Search
 Home
 About SCoJeC
 New on Site
 News
 What's On
 Resources
 Education
 Guidebook
 Communities
 Four Corners
 MEMO & MEMO+
 Daily Digest
 Consultations
 Points of View
 Report an Incident
 Links
 Contact
 Members only
 Support SCoJeC

Click on the image
for more information

 
Scottish Council of Jewish Communities (SCoJeC)
Scottish Council of Jewish Communities (SCoJeC)
Scottish Council of Jewish Communities (SCoJeC)

 

SCoJeC Gets Together
a Scotland-wide Online Get-Together

 
Click here to watch videos about
Jewish Life outwith the Central Belt

 

3 September 2020

SCoJeC got together with all the Jewish communities around Scotland to host an Online Jewish Get-Together as a follow-on from the Scottish Jewish Coffee Morning in June. This time, the event took place in the evening, with the theme Jewish Life outwith the Central Belt. People living Jewish lives in Fife, in and around Aberdeen, and in the Highlands and Islands came together to talk about their experiences.

Scottish Jewish Get-Together

Bill Shackman and Emily Michelson started the evening talking about living in St Andrews, which sometimes feels very isolated, especially since they came from large and vibrant Jewish communities in the US. Jewish life has been demanding for them, because they rely on themselves to create their own holiday atmosphere, and even to make their own challah and humous. But they also recognise that because of this self-reliance, they get to create the egalitarian and traditional model they want to see. They definitely feel a kinship with other Jews scattered throughout Tayside and Fife, and welcome Jewish people to their home throughout the year. Their children aren’t growing up with the Jewish surroundings that Bill and Emily had, but they have a strong sense of their Jewish identlty.

Next was Linda Martin, who moved to the Highlands from England after the death of her husband, in order to surround herself with nature. She designed and built a house there, and when she noticed the shortage of kosher accommodation for Jewish people from all over the world wanting to holiday in the Highlands, she decided to turn it into a bed and breakfast business. She is used to celebrating Jewish holidays on her own, but has enjoyed both welcoming Jewish guests for the festivals, and introducing the Jewish festivals to people in the local village many of whom had never met anyone Jewish before. She said they are now very accommodating and friendly, and one even gave her the run of her house when she was living in a caravan while her house was being built.

Scottish Jewish Get-Together

Lady Hadassah Broscova-Righetti runs the Blue Highlands Raptor Rescue and Avian Conservation Centre. She moved to the Scottish Highlands after living in many other countries, and feels that Scotland has been the most generous in terms of traditional Scottish hospitality. When she opened a bird rescue centre, the challenges she faced were quite extraordinary because she largely works with non-kosher birds, but she feeds them kosher food and follows what the Torah teaches about food, land, and animals “just like people in ancient times”.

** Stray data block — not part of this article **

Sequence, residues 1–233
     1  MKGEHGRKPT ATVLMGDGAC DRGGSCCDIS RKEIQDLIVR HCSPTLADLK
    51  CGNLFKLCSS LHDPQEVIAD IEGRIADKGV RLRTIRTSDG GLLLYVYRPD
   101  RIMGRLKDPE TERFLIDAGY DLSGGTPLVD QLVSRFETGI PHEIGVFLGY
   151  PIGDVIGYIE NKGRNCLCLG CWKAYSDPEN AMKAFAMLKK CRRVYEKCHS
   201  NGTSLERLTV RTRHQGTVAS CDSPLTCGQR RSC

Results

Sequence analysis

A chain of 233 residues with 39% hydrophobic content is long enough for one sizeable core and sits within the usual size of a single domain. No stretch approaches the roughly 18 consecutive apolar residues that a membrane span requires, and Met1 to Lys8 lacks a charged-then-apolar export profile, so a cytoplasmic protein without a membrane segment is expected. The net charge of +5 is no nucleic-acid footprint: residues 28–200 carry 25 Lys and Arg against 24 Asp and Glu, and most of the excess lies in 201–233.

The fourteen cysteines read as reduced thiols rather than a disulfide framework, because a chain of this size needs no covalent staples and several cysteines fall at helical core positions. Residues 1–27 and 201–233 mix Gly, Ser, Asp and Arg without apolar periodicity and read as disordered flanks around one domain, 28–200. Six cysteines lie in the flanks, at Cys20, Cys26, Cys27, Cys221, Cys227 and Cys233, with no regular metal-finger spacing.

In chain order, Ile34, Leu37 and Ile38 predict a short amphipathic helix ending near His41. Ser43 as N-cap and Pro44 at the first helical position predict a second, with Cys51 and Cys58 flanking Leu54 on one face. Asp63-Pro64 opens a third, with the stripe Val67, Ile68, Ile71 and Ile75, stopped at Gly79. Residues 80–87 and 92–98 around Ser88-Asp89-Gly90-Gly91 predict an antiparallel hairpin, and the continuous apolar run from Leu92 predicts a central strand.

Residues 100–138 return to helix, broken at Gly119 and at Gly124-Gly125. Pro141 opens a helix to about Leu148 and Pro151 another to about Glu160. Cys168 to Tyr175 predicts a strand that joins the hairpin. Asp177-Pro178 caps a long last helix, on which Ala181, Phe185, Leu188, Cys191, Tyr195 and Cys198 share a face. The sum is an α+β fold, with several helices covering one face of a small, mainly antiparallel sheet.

Hilary Franklin was born in Oxford, and after working as a nurse in Shetland for 8 years, she moved to Aberdeen where she got involved with the Jewish Community right away. She became President of the community last year, and has been working hard on fundraising in order to preserve their beautiful and historic synagogue building.

The Scottish Jewish Get-Together

Debbie Taylor, who is vice president of the Aberdeen Synagogue and Jewish Community Centre, was born in Dundee and grew up in the small Jewish community there, where her father was a well-known figure. She came from a traditional family who kept a kosher home, and after the kosher butcher in the city shut down, meat had to be brought in from Glasgow and Edinburgh. Sometimes, she remembered, food came by train or coach, and arrived so spoilt that it had to be thrown into the Tay. She told stories of her schooldays – and of following her father’s footsteps as an ‘ambassador of Judaism’ from the age of seven!

Finally, Sarah Brodie, who lived all over England before settling down in Orkney, highlighted that religious life starts at home. She talked about how it was important to her that her children have a Jewish community and know their faith and their roots, but that living so isolated has made it hard. Her family have had to become very self-reliant.

The Scottish Jewish Get-Together

A common theme that ran through the evening was the idea of being an ambassador for Judaism, when living in a community with so few Jewish people. Most speakers also spoke about the importance of being organised and resourceful, because they have to prepare everything for themselves for Shabbat and festivals, and they often need to travel a long way to obtain kosher supplies. It was a great privilege to hear how people manage to live meaningful Jewish lives in isolation, and how they still manage to keep in touch and connect with the wider Jewish communities.

After the event, one participant who now lives in Edinburgh said that she, too, had the experience of being the ‘only Jew in the village’ – she was literally the only Jew in the small Yorkshire Dales village of 32 houses and a pub, where she lived for 20 years as a weekender and another 20 years as her only residence. And Lady Hadassah told us that the event had given her a “sense of camaraderie in that all of us are facing similar challenges, despite quite unique life stories”.

 
Click here to watch videos about
Jewish Life outwith the Central Belt

 

   
We use cookies to ensure you get the best experience on our website.
To find out more about cookies and how to manage them through your browser settings see our Cookie Policy.

Scottish Charitable Incorporated Organisation no. SC029438